Staff Publications

Staff Publications

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    'Staff publications' is the digital repository of Wageningen University & Research

    'Staff publications' contains references to publications authored by Wageningen University staff from 1976 onward.

    Publications authored by the staff of the Research Institutes are available from 1995 onwards.

    Full text documents are added when available. The database is updated daily and currently holds about 240,000 items, of which 72,000 in open access.

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Record number 545525
Title Low liquid ammonia treatment of wheat straw increased enzymatic cell wall polysaccharide degradability and decreased residual hydroxycinnamic acids
Author(s) Mouthier, Thibaut M.B.; Rink, Bake de; Erven, Gijs van; Gijsel, Peter de; Schols, Henk A.; Kabel, Mirjam A.
Source Bioresource Technology 272 (2019). - ISSN 0960-8524 - p. 288 - 299.
DOI https://doi.org/10.1016/j.biortech.2018.10.025
Department(s) Food Chemistry Group
VLAG
Publication type Refereed Article in a scientific journal
Publication year 2019
Keyword(s) Ammonium hydroxide - Lignocellulosic biomass - Low-liquid ammonia (LLA) treatment - Taguchi method - Wheat straw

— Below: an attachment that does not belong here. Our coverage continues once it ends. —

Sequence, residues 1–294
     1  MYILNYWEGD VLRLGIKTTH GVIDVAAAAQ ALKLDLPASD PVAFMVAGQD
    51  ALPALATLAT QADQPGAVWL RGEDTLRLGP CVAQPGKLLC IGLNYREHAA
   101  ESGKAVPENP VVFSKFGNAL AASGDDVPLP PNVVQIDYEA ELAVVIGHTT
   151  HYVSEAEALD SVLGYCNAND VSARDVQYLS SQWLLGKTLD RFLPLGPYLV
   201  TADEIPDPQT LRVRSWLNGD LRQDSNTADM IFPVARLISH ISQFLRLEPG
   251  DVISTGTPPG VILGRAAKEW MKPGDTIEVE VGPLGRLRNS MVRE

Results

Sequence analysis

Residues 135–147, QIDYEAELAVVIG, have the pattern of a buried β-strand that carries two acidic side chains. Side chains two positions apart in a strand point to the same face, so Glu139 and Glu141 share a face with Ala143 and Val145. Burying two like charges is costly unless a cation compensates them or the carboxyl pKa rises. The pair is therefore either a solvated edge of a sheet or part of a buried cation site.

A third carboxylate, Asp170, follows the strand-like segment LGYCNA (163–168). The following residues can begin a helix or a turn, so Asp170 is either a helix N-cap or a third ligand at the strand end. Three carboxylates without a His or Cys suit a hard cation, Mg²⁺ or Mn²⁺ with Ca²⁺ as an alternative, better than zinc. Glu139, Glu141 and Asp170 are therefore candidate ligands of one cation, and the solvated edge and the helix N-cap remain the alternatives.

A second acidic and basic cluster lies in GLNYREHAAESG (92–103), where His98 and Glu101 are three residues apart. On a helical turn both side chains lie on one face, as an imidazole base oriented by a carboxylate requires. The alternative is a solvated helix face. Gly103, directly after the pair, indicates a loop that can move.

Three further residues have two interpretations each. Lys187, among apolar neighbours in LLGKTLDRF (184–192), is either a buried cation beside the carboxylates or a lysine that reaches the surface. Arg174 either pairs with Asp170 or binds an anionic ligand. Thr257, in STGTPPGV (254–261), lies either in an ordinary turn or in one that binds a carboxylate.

Abstract

Ammonia treatment of lignocellulose improves carbohydrate degradability, however, low ammonia dose treatment effects and mechanisms are hardly considered. This study describes low dose ammonia treatment of wheat straw in a statistical design of experiments (Taguchi design) to evaluate the effects of ammonia concentration, treatment time and the Solid:Liquid ratio on structure, composition and enzymatic degradability of the residual fractions. The results showed that low ammonia concentration (≤2 w/w % NH3) resulted in a high carbohydrate recovery (>80%) coupled enzymatic hydrolysis of 50% of xylan and 40% of glucan of the treated material using a (hemi-) cellulase enzyme cocktail. This effect coincidences with the relative decrease in ferulic acid by 10% and coumaric acid by more than 50% analysed via pyrolysis-GC–MS, measured as 4-vinyl-phenol and 4-vinyl-guaiacol, respectively. Our findings show that lowering ammonia concentration increased the effect of treatment time on the enzymatic degradability of the residual fraction.

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